Saltwater Aquarium Inverts for Marine Reef Aquariums: Red Tuxedo Urchin
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Red Tuxedo Urchin
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Red Tuxedo Urchin (Mespilia cf globulus)
Additional locales and sizes may be available!

Quick Stats

Care Level Easy
Temperament Peaceful
Color Form Black, Blue, Red, Tan
Diet Herbivore
Reef Compatible Yes
Water Conditions 72-78° F, dKH 8-12, pH 8.1-8.4, sg 1.023-1.025
Max. Size 3"
Origin Indonesia, Maldives
Family Temnopleuridae
Supplements Calcium, Magnesium, Iodine, Trace Elements
Minimum Tank Size 20 gallons
Compatibility View Chart
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Overview

Looking for an easy-to-care-for addition to your cleanup crew? The Red Tuxedo Urchin will scavenge over rock and substrate for bits of food and algae to eat. The Red Tuxedo Urchins have oval or round bodies covered with hundreds of uniform spines. Though the spines are short, they are still sharp, and can puncture skin.

During the day, it will hide among the rocks, in crevices, or under plants in a sandy substrate. At night, it will emerge to graze on the algae present in or near its home. The Tuxedo Urchin generally roams alone, but several of them could be housed in the same aquarium if it is large enough to provide them with adequate food (algae) and shelter. It is sensitive to high levels of copper-based medications and it will not tolerate high nitrate levels. If it starts to lose a number of spines, it is often due to poor water conditions.

If algae levels are particularly low, its diet will need to be supplemented with dried seaweed.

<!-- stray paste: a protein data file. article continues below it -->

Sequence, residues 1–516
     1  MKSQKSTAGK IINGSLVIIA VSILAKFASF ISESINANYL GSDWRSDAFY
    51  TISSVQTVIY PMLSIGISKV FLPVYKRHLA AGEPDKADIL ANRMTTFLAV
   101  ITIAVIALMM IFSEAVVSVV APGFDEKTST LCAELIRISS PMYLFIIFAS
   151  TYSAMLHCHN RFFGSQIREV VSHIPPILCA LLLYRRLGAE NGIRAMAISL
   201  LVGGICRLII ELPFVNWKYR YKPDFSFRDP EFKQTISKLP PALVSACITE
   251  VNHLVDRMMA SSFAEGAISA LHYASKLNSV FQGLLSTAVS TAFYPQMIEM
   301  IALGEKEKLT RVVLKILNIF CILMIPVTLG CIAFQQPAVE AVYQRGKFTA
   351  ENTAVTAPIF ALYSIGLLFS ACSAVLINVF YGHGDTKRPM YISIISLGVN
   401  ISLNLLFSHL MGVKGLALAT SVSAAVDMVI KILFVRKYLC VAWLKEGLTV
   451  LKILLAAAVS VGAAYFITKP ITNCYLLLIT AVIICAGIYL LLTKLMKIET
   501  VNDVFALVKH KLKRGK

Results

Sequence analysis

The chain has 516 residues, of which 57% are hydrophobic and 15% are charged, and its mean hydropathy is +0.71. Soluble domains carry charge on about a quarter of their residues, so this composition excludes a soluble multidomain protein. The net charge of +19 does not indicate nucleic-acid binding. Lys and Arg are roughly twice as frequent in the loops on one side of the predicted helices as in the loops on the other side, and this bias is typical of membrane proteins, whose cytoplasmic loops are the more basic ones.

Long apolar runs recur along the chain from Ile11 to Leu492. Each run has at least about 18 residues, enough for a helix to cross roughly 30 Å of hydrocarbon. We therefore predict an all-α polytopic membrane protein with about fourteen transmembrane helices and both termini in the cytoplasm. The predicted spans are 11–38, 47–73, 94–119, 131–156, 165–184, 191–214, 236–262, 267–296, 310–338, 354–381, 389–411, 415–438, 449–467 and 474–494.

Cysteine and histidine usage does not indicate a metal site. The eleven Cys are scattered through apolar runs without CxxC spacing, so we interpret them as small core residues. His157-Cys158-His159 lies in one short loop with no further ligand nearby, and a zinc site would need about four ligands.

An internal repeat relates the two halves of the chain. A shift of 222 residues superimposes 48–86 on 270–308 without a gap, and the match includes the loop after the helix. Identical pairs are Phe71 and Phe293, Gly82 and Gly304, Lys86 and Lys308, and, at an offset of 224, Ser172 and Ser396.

Approximate Purchase Size: Small: 1" to 1-1/2"; Medium: 1-1/2" to 2-1/2"

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Customer Testimonials

J.A.
Great creature! Although it is very slow, it is fun to watch. It is completely reef safe. I would advise buying this exotic urchin!
Heather Z San Jose , CA
Love this little guy! Had it a week and it acclimated well and is doing great. I think it may have even grown some already! It decorates itself with bits of sand as it goes back and forth across the rock.
Mike J T , CO
Read Completely: These are really cool creatures to watch in the tank. They move around a lot and gather a bunch of material in the tank as camouflage. I have own 2 of these and I would recommend caution. Both were in a fairly new tank 6m and 3m old. I would recommend holding off until a year or so as small parameter changes can kill these creatures. Urchins are very sensitive to small changes in water quality. If you have a problem, you will notice they will fall from the wall and shrink up. That is followed by spines falling off and eventually death. These may be easy to keep, but I do not recommend them in a newer tank. Make sure your water parameters are very stable before introduction to your tank.
1-3 of 3 testimonials

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